“I applaud the instinct, but I think that a moon shot alone seems more like reaching for past glory than striving for new triumphs,” Buzz Aldrin, the second man to set foot on the moon during the Apollo 11 lunar landing, wrote in a publication of his own, entitled Fly Me to L1, December 5, 2003.

     While it all may sound tedious and unimportant, the future missions of NASA and other foreign space programs like the European Space Agency or the Japan Aerospace Exploration Agency will prove crucial to our species.  The most pressing matter should be colonization of other celestial bodies.

     Although no changes are yet officially announced to the mission plan of NASA, it is important to realize that this space program – and its fellow foreign space agencies – will be the ones to prepare the path for our posterity to follow.  This means that we must first choose the larger tasks to undertake, which will leave time to return for the smaller scale missions.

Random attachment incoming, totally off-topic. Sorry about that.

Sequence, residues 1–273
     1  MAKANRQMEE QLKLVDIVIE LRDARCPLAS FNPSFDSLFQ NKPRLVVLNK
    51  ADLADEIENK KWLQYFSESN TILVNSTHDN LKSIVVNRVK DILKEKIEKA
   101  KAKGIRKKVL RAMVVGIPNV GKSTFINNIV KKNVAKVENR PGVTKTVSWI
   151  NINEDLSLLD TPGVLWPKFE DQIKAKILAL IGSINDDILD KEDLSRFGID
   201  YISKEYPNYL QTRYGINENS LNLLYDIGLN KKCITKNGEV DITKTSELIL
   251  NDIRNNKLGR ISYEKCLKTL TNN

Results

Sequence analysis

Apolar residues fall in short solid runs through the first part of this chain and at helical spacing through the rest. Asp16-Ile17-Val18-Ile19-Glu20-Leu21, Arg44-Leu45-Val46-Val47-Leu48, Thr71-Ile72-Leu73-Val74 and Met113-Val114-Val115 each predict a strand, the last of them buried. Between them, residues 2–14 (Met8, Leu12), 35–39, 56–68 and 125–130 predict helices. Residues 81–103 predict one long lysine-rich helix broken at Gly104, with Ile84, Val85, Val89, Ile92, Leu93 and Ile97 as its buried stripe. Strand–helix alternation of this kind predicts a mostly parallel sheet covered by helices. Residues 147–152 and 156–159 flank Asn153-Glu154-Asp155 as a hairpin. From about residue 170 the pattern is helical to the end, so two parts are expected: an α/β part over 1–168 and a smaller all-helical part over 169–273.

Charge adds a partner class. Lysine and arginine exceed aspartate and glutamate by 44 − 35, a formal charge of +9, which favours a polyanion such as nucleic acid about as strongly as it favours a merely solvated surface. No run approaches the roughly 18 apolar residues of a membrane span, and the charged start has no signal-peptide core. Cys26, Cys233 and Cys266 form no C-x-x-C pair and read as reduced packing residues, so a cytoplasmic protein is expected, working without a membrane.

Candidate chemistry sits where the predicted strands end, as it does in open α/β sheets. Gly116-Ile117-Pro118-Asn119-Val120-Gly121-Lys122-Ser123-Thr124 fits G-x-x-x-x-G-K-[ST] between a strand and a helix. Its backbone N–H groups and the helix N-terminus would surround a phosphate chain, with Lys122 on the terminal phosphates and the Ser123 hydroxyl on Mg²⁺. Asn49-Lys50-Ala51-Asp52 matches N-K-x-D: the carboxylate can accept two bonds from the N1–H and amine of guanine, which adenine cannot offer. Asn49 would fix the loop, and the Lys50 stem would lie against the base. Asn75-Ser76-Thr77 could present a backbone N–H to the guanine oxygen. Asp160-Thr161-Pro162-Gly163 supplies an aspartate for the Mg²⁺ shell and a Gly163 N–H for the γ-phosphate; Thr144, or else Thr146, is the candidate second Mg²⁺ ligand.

“I don’t know if the first plan is realistic or not,” said Randel.  “If we were no longer at war in two or three places around the world and we had our economy in order, it would be more realistic.  Fifteen years is not a long time, though.”

     “I think the next step in our space program should be to create a floating launching pad for manned and unmanned missions to the Moon, Mars and beyond,” Aldrin continued in his 2003 publication.  “This is not a task for the unfinished International Space Station, which is intended to be a floating laboratory rather than a bridge to the heavens.”

     “Exploring the moons of the solar system would be high on my list of priorities,” said Randel.  “I’m kind of a fan of a lunar station, though.  Space should be made more accessible to those who are paying for it.”

     With the pollution of the world around us, the hoarding of basic supplies and the constant threat of war, can we really afford to take chances with the continuity of our species?